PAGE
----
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Soap Opera

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Soap Opera

SOAP OPERA

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I. INTRODUCTION

1. Origin/History

The soap opera form first developed on American radio in the 1920s, and expanded into television starting in the 1940s, and is normally shown during the daytime, hence the alternative name, daytime serial. The first concerted effort to air continuing drama occurred in 1946 with the serial Faraway Hill.

The term "soap opera" originated from the fact that when these serial dramas were aired on daytime radio, the commercials aired during the shows were largely aimed at housewives. Many of the products sold during these commercials were laundry and cleaning items. Broadcasters hoped to interest manufacturers of household cleaners, food products, and toiletries in the possibility of using daytime radio to reach their prime consumer market: women between the ages of eighteen and forty-nine.

2. Definition

The "soap" in soap opera alluded to their sponsorship by manufacturers of household cleaning products; while "opera" suggested an ironic incongruity between the domestic narrative concerns of the daytime serial and the most elevated of dramatic forms. Thus, we have the definition: a "soap opera" is a melodramatic story that airs commercials for soap products.

We have some other ways to define:

-Television soap operas are long-running serials concerned with everyday life.

-A soap opera is an ongoing, episodic work of fiction, usually broadcast on TV or radio.

II. HOW TO RECOGNIZE A SOAP OPERA?

1. Characteristics of soap operas

Typical Subjects

Soap operas take everyday, ordinary people in a particular place and the events of their lives and then exaggerate them to a degree where they are still believable, of course, more dramatic. Soap operas focus on problems encountered in work and marriage. However, repeated subjects make soap operas predictable.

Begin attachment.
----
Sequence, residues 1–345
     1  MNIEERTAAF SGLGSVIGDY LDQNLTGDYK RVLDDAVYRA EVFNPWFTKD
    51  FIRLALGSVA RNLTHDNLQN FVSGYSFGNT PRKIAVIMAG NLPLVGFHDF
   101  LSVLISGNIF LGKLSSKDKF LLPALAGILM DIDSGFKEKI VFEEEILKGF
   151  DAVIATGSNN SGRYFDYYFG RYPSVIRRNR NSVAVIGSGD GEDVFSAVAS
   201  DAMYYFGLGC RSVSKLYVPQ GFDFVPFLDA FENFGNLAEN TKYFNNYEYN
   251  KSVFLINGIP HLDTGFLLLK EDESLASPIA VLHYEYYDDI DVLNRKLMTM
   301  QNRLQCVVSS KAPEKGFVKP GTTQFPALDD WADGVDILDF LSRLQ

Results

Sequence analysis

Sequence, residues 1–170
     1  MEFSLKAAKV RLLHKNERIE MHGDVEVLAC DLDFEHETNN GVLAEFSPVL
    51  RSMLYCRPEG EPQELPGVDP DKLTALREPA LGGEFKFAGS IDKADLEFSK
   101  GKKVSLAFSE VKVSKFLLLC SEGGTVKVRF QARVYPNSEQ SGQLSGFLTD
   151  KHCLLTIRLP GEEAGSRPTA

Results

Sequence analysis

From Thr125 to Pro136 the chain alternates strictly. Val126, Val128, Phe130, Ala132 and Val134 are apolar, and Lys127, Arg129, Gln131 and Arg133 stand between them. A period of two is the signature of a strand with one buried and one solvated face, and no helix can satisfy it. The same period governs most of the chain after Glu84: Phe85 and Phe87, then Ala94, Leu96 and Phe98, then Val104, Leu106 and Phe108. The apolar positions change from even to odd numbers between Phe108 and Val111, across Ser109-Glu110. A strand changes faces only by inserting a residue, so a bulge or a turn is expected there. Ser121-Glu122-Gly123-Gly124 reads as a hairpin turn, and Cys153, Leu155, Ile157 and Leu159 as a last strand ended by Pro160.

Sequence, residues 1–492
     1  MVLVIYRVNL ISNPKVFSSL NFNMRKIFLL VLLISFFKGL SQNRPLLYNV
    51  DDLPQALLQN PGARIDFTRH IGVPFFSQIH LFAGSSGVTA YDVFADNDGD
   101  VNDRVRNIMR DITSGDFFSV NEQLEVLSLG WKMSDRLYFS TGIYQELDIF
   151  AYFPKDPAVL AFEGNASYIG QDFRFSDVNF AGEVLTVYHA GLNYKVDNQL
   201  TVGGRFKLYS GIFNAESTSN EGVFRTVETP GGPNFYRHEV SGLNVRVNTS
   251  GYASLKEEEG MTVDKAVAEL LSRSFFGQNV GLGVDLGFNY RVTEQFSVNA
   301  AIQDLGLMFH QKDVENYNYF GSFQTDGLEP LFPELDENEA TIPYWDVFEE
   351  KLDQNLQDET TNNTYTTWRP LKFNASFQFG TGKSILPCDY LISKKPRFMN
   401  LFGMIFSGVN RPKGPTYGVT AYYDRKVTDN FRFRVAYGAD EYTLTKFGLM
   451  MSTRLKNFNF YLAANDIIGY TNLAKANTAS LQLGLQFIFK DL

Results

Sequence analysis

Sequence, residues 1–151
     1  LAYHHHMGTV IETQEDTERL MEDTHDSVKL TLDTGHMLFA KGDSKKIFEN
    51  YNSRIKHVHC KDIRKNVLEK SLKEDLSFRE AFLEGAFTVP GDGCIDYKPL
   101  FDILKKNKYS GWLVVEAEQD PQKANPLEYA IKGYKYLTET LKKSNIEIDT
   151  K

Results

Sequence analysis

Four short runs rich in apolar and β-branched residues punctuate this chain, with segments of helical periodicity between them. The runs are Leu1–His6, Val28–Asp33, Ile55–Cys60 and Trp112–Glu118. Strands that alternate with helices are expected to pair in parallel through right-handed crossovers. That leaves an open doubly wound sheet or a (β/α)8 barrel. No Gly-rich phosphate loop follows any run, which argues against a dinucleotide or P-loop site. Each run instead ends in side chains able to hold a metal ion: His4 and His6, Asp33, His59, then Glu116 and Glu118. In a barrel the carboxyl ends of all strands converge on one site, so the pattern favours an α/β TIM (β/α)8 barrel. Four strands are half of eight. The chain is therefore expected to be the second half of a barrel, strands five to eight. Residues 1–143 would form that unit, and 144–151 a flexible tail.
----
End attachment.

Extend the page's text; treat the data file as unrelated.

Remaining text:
In soap operas, relationships are more important than plots ( “who related to whom is more important than what happens when”).

Realism / Surrealism

A soap opera can be seen as “the reflection of reality”. However, soap operas never represent real life because many characters are idealized and the construction of reality is far more complex than what happens in a soap opera. Many viewers consider a soap opera “ the film of life” while others still wonder “whose life is it anyway?”.

Producers always try to make soap operas look more real. That’s why scenery and characters are designed very much like those in daily lives.

Stereotypes

Producers often use the stereotypes of: “the perfect mother”, “the domineering father”, “the spinster”, “the villain”, “the gossip”, “the Cinderella”, “the rich & handsome man”, and lately, “the career woman”…

It is important to recognize that soap operas serve to affirm the primacy of the family not by presenting a perfect family, but by portraying a family in constant turmoil.

Openness

All soap operas are potentially endless. Two basic narrative types are:

1."closed" soap operas: the narrative does eventually close. All problems must be solved at the end of the serial. This kind is more common in Latin America and Asian countries.

2."open" soap operas: there is no end point. Plots run continuously, and lead into further developments after each episode. Producers never have the intention of "wrapping things up”, so they bring things to a dramatic cliffhanger at the end of each season. This explains why soap operas never begin and never end. Some have said that the “longer they run the more impossible it seems to imagine them ending.”. However, whenever the audience appear to be bored, a season finale will be produced to end the serial forever.

2. Soap operas compared with other genres

Common formats of TV series are: soap opera, sitcom, dramedy.

Sitcom

· A sitcom or situation comedy is a genre of comedy performance originally devised for radio but today typically found on television.

· Sitcoms

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